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Deaconesses in Europe and their Lessons for Americ

6 Die Weibliche Diakonie in ihrem ganzen Umfang


There are other minor causes that aided in the downfall of the order; the abuses that arose in some cases; the changes in the ceremony of baptism by which the aid of women was not so indispensable, and especially the fact that since the time of Constantine the care of the sick and poor was placed under the charge of the State.[17]

These causes combined removed from the life of the Church a powerful agency for good, and for centuries deprived it of the pre-eminent gifts of ministration which belong to Christian women.

[5] _Woman's Work in the Church_, J. M. Ludlow, p. 21. [6] _Die Weibliche Diakonie in ihrem ganzen Umfang_, Theodor Schaefer, 3 vols. Stuttgart: D. Gundert, 1887. Vol. i, p. 45. [7] _Der Diakonissenberuf nach seiner Vergangenheit und Gegenwart_, Emil Wacker. Guetersloh: E. Bertelman, 1888. p. 33. [8] Neander, _Hist. of Chr. Religion and Church_, vol. i, p. 188; Schaff, _Hist. of Chr. Church_, vol. iii, p. 260; McClintock & Strong's _Encyclopaedia_, art. "Deaconesses." [9] J. M. Ludlow, _Woman's Work in the Church_, p. 17. [10] Neander, _Hist. of Chr. Rel. and Church_, vol. i, p. 188; Schaff, _Hist. of Chr. Church_, vol. iii, p. 260. [11] _Sancti Johannis Chrysostomi opera om_, t. ii, pp. 659, 662. Paris, 1842. [12] Chrys., _Op._, vol. ii, p. 658. [13] _Die Weibliche Diakonie_, Theodor Schaefer, vol. i, p. 8. [14] Chrys., _Op._, vol. ii, p. 600. [15] Schaff's _History of Chr. Church_, vol. iii, p. 260. [16] _Denkschrift zur Jubelfeier_, J. Disselhoff, Kaiserswerth, 1880, p. 5. [17] Herzog's _Protestantische Real Enc._, vol. iii, p. 589.

CHAPTER III.

DEACONESSES FROM THE TWELFTH TO THE NINETEENTH CENTURIES.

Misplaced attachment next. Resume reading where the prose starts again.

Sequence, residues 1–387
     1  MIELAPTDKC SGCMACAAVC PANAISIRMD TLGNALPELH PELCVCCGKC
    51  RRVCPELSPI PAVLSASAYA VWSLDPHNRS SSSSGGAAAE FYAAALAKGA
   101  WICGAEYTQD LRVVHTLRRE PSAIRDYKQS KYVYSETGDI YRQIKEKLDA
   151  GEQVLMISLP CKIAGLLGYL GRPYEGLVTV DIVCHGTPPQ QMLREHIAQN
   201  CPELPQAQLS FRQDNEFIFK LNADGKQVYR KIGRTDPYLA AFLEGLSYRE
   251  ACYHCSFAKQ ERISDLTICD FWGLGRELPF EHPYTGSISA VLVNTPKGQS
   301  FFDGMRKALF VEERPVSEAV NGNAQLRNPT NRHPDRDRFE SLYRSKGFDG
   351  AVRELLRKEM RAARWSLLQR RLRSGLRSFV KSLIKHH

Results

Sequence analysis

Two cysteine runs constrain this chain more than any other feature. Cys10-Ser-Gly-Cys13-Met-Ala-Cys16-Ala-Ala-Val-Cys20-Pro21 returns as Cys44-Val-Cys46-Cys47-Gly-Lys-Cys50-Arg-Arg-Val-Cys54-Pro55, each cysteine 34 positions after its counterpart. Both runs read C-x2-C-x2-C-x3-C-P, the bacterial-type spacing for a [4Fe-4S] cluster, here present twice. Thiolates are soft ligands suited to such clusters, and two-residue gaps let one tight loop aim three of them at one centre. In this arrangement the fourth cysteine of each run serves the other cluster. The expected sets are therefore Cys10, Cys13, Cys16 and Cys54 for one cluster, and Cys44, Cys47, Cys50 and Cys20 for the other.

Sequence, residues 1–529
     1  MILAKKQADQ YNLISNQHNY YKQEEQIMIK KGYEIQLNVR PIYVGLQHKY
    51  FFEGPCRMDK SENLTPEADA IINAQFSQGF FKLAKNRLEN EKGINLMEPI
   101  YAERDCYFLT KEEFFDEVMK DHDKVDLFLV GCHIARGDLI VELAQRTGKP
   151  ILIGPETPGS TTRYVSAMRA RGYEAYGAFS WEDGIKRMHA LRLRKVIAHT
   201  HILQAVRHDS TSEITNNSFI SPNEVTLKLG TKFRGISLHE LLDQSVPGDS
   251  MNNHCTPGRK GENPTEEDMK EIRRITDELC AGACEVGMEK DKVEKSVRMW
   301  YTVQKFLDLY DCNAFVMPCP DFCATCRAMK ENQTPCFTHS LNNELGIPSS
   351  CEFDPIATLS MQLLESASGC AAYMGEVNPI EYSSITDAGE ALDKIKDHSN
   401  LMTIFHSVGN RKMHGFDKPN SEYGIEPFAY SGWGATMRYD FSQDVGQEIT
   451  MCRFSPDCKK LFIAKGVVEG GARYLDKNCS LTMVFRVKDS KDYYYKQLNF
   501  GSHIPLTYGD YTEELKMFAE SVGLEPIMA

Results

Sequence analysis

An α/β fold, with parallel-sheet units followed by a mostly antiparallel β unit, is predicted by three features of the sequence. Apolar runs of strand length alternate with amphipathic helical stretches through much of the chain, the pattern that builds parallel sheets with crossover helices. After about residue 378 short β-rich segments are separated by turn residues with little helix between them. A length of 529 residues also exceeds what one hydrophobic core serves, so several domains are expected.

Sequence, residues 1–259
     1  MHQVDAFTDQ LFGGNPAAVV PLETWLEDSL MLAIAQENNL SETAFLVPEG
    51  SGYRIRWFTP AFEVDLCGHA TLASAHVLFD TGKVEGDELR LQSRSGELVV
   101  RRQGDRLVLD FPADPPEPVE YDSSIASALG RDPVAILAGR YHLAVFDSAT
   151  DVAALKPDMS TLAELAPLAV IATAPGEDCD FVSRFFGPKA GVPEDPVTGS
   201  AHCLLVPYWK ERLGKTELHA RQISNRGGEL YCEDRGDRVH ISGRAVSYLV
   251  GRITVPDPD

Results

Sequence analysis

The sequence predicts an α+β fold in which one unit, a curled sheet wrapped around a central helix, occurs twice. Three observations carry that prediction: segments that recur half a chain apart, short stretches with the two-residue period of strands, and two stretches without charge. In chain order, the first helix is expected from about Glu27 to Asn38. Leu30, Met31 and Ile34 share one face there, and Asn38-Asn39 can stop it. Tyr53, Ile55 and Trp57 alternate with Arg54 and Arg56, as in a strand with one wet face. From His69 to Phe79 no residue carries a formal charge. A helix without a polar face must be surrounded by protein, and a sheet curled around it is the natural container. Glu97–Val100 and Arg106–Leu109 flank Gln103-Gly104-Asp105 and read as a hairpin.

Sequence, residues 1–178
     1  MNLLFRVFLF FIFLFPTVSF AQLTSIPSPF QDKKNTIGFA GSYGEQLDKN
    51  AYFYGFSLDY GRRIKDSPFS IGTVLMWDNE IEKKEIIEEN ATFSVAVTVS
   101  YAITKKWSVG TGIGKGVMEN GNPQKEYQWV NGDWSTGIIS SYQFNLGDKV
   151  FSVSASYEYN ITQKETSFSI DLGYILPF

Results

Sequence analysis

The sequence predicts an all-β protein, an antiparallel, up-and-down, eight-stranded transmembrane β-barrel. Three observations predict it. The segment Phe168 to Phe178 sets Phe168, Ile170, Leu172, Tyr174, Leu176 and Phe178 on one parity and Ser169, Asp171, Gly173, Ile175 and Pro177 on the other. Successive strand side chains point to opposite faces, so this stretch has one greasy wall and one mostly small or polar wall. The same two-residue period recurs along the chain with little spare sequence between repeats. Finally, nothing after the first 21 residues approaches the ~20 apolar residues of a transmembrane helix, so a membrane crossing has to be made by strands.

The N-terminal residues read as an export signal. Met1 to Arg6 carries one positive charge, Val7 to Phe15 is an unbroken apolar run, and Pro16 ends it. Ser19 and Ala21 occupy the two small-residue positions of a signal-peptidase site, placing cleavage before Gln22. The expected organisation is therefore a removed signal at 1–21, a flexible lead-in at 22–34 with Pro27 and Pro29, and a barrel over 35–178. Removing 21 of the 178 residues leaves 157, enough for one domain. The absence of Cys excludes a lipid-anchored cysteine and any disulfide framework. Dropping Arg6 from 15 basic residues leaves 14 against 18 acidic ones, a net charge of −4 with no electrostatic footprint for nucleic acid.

During these seven centuries whenever there arose a reviving spirit of true love to God, whether within the Church of Rome or in any of the churches formed from reforming elements that separated from it, then we find traces of the diaconate of woman assuming some form of devotion to Christ and work for him. One of these movements well worth our study originated in Belgium while the last of the Greek deaconesses were still daily walking the arched pathway that led to their church in Constantinople. Toward the close of the twelfth century great corruption of morals and open abuses prevailed in society, and also in the Church. One of those who protested against the evils of the times was the priest Lambert le Begue, as he was called, meaning the stutterer. He lived at Liege, in Belgium, and just without the city walls owned a large garden. He determined to make use of this to found a retreat for godly women, where they could lead in common a life of well-doing. Here he built a number of little houses, and in the center a church, which was dedicated to St. Christopher in 1184. Then he presented the whole to some godly women to be used and owned in common. His earnest words of rebuke brought persecution upon him from those whose consciences he disturbed, but he went to Rome and appealed to the pope, who not only protected him from his assailants, but made him the patriarch of the order he had founded. Only six months after his return, however, he died, and was buried before the high altar of the church he had erected in 1187. Whether he was indeed the founder of the Beguine houses has been called in question. Be that as it may, fifty years after his death fifteen hundred Beguines were living around St. Christopher's Church,[18] and Beguine courts were found throughout Belgium, in the Netherlands, south along the Rhine, in eastern France, and in Switzerland. The Crusades made many widows, and both widows and young girls sought shelter in the community life of the Beguines. As a rule they lived alone, in separate small houses built closely together and surrounded by a wall. Each house bore on its door the sign of the cross, and with every Beguine court there were invariably two large buildings--a church and a hospital; the one for the worship of the sisters, the other the field of their self-denying ministrations. At first they were in no wise distinguished in their dress from other women, but in time they wore a habit which varied in color with each establishment, but was generally blue, gray, or brown. The veil was invariably white. The sisters had to earn, or partly earn, their own livelihood. In the time remaining they rendered essential service in performing acts of charity. They received orphans to bring up and educate, taught little children, nursed the sick, performed the last offices for the dead, and bound themselves by good deeds closely with the lives of the people. They were in no sense isolated from the world, but lived busy, useful lives in the midst of the world. They could leave the community at any time, and after severing their connection with it were free to marry. They also retained control of their own property.


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